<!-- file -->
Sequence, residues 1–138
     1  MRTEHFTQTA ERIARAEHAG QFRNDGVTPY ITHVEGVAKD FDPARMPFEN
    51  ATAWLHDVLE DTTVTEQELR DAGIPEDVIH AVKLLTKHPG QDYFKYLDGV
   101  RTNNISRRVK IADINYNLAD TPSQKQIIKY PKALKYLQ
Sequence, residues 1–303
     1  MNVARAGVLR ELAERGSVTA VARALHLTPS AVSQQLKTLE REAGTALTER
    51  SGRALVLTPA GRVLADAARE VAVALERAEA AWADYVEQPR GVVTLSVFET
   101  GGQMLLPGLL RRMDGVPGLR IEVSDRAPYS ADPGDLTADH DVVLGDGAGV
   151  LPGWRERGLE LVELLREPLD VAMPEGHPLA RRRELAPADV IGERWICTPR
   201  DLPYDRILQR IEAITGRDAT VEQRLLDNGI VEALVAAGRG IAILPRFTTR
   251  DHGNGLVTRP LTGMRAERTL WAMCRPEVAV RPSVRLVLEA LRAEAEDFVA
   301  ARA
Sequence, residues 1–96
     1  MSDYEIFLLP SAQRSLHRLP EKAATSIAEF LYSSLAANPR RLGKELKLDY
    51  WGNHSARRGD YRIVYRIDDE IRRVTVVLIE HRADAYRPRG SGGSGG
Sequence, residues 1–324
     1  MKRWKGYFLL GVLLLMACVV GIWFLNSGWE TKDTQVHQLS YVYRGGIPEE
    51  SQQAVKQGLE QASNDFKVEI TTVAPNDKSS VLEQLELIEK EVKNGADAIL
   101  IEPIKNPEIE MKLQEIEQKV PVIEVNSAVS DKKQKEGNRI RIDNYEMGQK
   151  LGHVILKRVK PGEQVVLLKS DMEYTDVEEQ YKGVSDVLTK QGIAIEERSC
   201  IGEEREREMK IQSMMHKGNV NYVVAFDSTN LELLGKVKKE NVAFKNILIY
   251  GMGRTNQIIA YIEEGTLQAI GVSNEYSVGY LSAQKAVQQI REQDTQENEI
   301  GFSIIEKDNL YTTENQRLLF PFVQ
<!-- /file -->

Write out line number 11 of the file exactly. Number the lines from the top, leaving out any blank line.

   251  DHGNGLVTRP LTGMRAERTL WAMCRPEVAV RPSVRLVLEA LRAEAEDFVA